The Texas Western Miners

The 1966 championship game for the National Collegiate Athletic Association (NCAA) basketball tournament came down to a test between a small southwestern institution, El Paso’s Texas Western College Miners, and an accomplished four-time NCAA tournament winner, the University of Kentucky Wildcats.
This game, however, proved more than just a challenge by the Miners, a rarity for the time multi-racial team who had joined the NCAA just three years earlier, and an all-white opponent, the Wildcats, widely considered the strongest basketball team in the nation. The surprise winning of this game demonstrated to the rest of the country that African Americans had the skill, could strategize and control the ball as well as a white team, and in this championship game, ultimately were better than the best white team. This game, according to many sports observers, forever changed major college basketball.

In 1966 the Miners consisted of seven African Americans: Bobby Joe Hill, Orsten Artis, Willie Worsley, Willie Cager, Nevil Shed, Harry Flournoy, and David Lattin; four Anglo Americans: Jerry Armstrong, Louis Baudoin, Dick Meyers, and Togo Railey; and one Mexican American, Dave Palacio. The opposing team contained all Anglo Americans, which was not surprising since many African Americans gained access to Southern colleges only in the 1960s. While some southern white campuses desegregated and blacks could attend classes, they were still usually excluded from team sports. No major white institution in the South or Southwest recruited them for their basketball talents.

In contrast to other Texas colleges and universities as well as most universities throughout the South, Texas Western experienced integration more than a decade earlier, and, at that time, the Miners’ coach, Don Haskins, recruited his best players, regardless of their hue. Adolph Rupp, on the other hand, the legendary coach and strategist of the Kentucky Wildcats, admitted he did not seek black players for his team.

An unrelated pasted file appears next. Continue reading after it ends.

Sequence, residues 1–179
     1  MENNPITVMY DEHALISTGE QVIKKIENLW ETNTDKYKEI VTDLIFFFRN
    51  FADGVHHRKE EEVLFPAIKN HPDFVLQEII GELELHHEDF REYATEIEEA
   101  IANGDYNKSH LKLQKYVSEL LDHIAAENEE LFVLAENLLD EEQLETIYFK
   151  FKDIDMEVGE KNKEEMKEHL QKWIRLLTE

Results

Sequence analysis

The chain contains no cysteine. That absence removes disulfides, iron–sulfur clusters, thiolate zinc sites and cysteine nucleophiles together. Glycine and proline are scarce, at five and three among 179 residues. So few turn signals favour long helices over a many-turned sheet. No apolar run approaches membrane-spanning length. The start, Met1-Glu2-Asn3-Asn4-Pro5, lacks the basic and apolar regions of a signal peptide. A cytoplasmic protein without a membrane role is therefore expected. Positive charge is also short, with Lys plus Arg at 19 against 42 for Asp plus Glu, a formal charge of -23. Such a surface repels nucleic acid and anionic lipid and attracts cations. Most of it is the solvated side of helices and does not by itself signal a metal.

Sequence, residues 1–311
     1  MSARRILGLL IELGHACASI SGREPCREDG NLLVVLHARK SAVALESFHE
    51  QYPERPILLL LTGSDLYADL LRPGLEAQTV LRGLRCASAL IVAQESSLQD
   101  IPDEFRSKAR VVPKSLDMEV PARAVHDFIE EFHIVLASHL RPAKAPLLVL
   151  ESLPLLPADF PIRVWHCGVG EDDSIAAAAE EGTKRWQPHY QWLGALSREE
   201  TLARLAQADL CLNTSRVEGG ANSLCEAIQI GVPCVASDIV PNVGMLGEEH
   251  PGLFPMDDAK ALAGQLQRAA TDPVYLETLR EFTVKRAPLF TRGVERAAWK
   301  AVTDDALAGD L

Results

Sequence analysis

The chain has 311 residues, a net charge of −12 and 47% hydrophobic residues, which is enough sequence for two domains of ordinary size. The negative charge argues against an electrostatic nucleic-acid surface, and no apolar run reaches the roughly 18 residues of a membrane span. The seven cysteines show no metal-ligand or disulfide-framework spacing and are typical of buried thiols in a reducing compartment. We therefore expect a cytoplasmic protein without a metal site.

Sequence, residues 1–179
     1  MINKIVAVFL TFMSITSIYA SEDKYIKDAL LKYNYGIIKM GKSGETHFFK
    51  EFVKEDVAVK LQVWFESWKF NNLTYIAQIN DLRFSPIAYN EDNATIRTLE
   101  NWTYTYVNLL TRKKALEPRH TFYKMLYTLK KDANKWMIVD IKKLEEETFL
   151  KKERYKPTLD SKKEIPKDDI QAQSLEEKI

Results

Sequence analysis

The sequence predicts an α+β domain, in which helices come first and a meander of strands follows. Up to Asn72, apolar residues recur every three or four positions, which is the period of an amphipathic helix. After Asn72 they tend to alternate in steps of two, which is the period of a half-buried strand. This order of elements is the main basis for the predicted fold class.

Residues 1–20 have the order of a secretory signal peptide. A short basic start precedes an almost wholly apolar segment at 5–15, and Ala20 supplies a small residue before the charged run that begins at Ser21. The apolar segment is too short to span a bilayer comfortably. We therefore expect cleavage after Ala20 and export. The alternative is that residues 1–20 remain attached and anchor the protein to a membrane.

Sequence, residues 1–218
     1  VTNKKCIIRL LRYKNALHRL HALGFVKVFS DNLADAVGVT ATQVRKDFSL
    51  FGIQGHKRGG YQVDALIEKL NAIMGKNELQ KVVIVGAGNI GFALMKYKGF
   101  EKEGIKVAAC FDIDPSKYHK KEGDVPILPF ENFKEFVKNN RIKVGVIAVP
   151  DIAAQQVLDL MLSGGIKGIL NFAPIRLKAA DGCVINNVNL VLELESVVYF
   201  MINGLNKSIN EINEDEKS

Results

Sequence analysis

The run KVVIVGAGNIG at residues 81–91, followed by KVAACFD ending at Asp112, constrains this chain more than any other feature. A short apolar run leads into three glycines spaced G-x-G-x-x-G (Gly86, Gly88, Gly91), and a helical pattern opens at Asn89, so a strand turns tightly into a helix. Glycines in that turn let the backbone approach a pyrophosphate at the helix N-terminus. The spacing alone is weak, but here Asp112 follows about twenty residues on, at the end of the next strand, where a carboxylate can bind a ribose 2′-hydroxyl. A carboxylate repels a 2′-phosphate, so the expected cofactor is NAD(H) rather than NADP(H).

The Miners arrived at the University of Maryland’s Cole Field House, site of the championship game on March 19, 1966. The sports announcers and writers expected an overwhelming win for the Wildcats. However, Haskins understood the pressure his team faced and sent in his best players, all African Americans. At first, Kentucky gained the advantage, but soon the Miners captured the lead during the first half and ended the final quarter with a Miner 72-65 win. This victory, according to sportswriters and historian, Charles Martin, “was a watershed event” because it encouraged other schools to recruit African American players.

In 2006, the movie Glory Road, depicting the significance of this game, was released. The following year, the team was inducted into the Naismith Memorial Basketball Hall of Fame. On February 6, 2016, the now University of Texas-El Paso Miners held a reunion for the 1966 players at the Don Haskins Center. The opening ceremony heard an address from President Barack Obama, which included these words: “…by becoming the first team to win an NCAA title with five black starters, the Miners weren’t just champs on the court: They helped change the rules of the game. They didn’t know it at the time, but their contribution to civil rights was as important as any other…” “…Go Miners!”

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